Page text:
now left but its ruins. I'he ftately monuments of its an- 
tient monarchs, and other public buildings, are all run into 
decay ; and even its once fo famed obfervatory lies now ne- 
gle&ed« and almoft demolUhed ; moft of tbofe fuperb edi- 
fices being deftrbyed by the avarice of the Tartars^ who firft 
invaded it, and out of hatred to the Chinefe dynafty then 
reigning. 

NunAerof ABOUT one third part of the dty hath fince lain wafte; 

'vejels. the reft, however, is not only well built and inhabited,, but 
drives on a very confiderable commerce by means of the Tang^ 
tfe above-mentioned, which, being a large navigable river, i^ 
ever bringing in a prodigious number of barges ; fome of 
which, efpecially the imperial ones, are nearly as big as, if 
not exceeding, our middling vefieis. All thefe come into that 
river, from other parts of the empire, by the help of a good 
number of canals ; and in fuch quantities, that a ftranger 
cannot fiDrbear being furprifed at the vaft hurry that reigns 
through the whole city ; nor at the prodigious number of 
thefe barks, which, we are told, were thought by fome of the 
Jefiiits, and firft European adventurers, to have been fuffident 
to forni a bridge between that capital and Eurtpe. What 
adds to the wonder, is, the richneis of thofe veflels, not only 
in their coftly lading, but in their fine paintings, carvings, ai^d 
r gilding, and the vaft crouds that are feen upon them, and 
' make it appear like a great fair kept upon the water 



lafi furvey which Du Halde tells 
us was. taken of it, which gives 
it) wail no more than fixty- 
fcvcn CJ^neJp lis, or live leagues 



and half, oftwemy to a degree,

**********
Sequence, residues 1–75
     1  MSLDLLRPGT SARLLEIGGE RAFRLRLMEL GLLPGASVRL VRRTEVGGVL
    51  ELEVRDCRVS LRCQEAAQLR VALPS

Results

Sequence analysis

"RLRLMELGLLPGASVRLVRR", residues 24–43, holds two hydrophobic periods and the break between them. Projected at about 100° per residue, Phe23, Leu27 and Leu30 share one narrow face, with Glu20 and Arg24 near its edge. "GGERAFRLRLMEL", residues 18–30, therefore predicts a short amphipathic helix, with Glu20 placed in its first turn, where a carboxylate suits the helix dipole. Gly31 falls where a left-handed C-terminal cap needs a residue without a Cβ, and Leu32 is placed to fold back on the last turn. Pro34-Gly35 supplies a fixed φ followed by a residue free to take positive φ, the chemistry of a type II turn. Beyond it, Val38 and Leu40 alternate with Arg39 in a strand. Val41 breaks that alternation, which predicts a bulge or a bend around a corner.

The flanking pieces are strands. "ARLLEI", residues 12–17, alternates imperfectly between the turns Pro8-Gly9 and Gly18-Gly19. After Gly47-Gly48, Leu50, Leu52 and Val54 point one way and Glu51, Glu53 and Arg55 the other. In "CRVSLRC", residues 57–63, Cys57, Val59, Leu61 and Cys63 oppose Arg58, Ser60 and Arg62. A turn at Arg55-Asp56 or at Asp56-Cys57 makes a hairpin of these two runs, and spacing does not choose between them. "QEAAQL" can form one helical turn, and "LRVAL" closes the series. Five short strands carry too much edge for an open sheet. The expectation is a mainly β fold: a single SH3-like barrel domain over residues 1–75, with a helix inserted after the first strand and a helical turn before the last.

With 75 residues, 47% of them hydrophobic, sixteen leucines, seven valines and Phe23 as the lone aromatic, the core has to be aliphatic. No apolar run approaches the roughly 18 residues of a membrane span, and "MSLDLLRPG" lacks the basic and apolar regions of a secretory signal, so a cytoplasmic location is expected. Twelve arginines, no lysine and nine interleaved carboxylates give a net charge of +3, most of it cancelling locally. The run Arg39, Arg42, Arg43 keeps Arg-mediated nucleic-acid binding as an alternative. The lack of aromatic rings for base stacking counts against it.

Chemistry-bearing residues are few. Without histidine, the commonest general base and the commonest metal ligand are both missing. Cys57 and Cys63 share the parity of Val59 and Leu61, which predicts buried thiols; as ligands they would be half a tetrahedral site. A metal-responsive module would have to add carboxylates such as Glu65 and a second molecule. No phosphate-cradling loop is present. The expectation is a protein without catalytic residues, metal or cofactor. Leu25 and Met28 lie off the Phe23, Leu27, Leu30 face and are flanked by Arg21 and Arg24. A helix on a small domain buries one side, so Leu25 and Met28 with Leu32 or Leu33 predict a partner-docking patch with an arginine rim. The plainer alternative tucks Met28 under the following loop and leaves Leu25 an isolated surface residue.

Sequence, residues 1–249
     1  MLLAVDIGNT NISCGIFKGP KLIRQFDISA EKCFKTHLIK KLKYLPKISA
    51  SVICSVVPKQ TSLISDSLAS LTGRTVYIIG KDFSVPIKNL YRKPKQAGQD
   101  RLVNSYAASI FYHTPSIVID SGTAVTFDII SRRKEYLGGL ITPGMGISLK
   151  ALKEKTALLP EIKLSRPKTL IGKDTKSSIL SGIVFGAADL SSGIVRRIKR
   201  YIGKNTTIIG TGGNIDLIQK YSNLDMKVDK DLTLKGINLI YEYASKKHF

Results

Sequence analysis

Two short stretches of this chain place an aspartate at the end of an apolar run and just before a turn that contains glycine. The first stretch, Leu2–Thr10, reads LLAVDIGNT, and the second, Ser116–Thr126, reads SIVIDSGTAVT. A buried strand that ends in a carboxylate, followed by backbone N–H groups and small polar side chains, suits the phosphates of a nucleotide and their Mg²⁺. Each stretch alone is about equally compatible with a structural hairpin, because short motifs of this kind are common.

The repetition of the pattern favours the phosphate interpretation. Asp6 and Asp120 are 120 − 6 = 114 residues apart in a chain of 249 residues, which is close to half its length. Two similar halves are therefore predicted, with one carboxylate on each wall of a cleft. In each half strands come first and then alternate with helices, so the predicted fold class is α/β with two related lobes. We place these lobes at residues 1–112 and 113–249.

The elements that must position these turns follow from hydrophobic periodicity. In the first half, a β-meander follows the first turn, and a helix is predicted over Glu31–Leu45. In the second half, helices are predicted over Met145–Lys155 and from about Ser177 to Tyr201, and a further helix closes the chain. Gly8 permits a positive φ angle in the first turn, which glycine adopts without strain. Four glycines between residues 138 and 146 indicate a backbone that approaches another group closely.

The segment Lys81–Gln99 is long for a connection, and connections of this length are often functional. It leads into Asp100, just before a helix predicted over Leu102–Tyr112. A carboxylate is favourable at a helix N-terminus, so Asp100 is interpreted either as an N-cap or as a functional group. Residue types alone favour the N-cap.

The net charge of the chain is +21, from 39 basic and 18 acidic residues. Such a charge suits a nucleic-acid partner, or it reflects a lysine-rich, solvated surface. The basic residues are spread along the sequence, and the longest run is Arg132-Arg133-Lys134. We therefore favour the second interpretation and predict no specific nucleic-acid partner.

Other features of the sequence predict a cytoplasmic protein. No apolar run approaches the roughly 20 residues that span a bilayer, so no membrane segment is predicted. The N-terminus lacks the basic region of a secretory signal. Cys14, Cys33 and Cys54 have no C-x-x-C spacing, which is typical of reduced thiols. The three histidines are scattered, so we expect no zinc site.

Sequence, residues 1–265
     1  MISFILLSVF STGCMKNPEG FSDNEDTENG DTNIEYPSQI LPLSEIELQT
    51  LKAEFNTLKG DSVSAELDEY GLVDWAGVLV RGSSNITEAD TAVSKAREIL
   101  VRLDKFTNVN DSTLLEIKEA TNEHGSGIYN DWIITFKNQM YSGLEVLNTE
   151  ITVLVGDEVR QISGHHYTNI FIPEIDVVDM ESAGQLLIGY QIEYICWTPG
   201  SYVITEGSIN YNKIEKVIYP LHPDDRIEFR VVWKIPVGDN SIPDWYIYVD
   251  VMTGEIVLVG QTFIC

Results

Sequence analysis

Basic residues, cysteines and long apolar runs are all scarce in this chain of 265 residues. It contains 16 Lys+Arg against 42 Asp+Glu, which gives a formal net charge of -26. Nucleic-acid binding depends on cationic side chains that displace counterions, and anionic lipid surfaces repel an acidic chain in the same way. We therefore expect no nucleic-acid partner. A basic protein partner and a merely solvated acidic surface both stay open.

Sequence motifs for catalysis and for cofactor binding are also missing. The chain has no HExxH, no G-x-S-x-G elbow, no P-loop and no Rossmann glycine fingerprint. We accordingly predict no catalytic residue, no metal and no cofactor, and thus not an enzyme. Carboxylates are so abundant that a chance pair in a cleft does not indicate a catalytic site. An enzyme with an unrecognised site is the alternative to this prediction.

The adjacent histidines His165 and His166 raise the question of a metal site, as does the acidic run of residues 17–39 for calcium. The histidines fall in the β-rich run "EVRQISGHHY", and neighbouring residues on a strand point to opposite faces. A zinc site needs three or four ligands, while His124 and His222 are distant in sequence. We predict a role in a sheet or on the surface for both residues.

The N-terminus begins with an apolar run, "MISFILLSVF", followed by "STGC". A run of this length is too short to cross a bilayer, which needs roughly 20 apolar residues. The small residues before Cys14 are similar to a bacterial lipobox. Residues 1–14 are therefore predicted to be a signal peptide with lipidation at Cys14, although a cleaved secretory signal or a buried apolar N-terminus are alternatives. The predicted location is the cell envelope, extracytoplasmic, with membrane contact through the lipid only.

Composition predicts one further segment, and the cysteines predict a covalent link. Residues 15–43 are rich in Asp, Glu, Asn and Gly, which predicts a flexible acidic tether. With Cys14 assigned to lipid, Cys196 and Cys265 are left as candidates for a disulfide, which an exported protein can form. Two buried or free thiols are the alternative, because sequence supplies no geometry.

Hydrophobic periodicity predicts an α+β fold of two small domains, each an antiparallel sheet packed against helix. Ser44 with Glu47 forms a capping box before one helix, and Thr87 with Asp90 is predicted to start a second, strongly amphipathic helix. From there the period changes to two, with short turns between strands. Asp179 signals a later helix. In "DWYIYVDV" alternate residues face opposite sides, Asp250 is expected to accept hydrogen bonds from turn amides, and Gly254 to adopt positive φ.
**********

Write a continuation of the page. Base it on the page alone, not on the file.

and about 466 mihom over, 
which is ihort of eighteen mSei 

(16). 



(ti) Du Haldf, uhi fup.f. jg. 



TUK 



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C I. The Hifiory cf China. J7 

The ifreets <^ the city, though narrower ^y much thaa Prt/mf 
thofe of Peeking, and other Chinefe towns, arc however cuiri- ^«**iw«r. 
oofly paved, and OHiieqaently freer from duft and dirt. Sooio 
of diem are covered m the middk with hrge myble flabi ( 
lad 10 the fides with variety of pebble and other ftoiic$/fo neat* 
If inlayed, that it would be a delight to walk [thro* them, if 
they were not fo gready thronged from morning to nigbt. The PukUe 
city-gates, (bme of the pagods, palaces, arches, towers^ and huiUini$i 
other public bnlldings, appear quite fplendid, efpedaUy the 
palace of the vkeroy, who always refides here. But the moft 
cnrioas and fiat^ly fabric in this city, is its oAagon tower, 
which will be more properly defcribed in the /equel, amone 
the artificial rarities <^ this country. The number of its in- 'Nnmhert^- 
h^tants is no lefs furprifmg.; and hath been computed by inhahu^ 
Dionyfius Kao, Father Le Compter and others, to amount to ams^ 
two millions of fouls, exclufive of its great carrifon (Q). 
The tribute which it pays to the crown, and the cuftoms for 
imports and exports, .come to an immenfe fum : but, befides 
thcfe, the city fends every year to Peeking five large veflels 
laden with the fineft fillcs, clothes, and other rich comnuxli- 
ties, in order to ingradate itfelf with ihi&Tartar monarchs (R), 
and to fecure the proteAion of its commerce. 

Nothing is more pleafant than the territory about this Territory 
dty, which not only abounds with all neceflaries, but is ^ut it. 

(QJ We muft, however, ob- caafe the emperors bear tha 
ferve, that fome later writers dragon in their arms, are fo re- 
have ftrack off near half that fpeSed, that every veHel it ob* 
namber, exclufive of its garri- liged to lower their fails to them, 
fon, which coniiUs of 40,000 There is likewife another fett of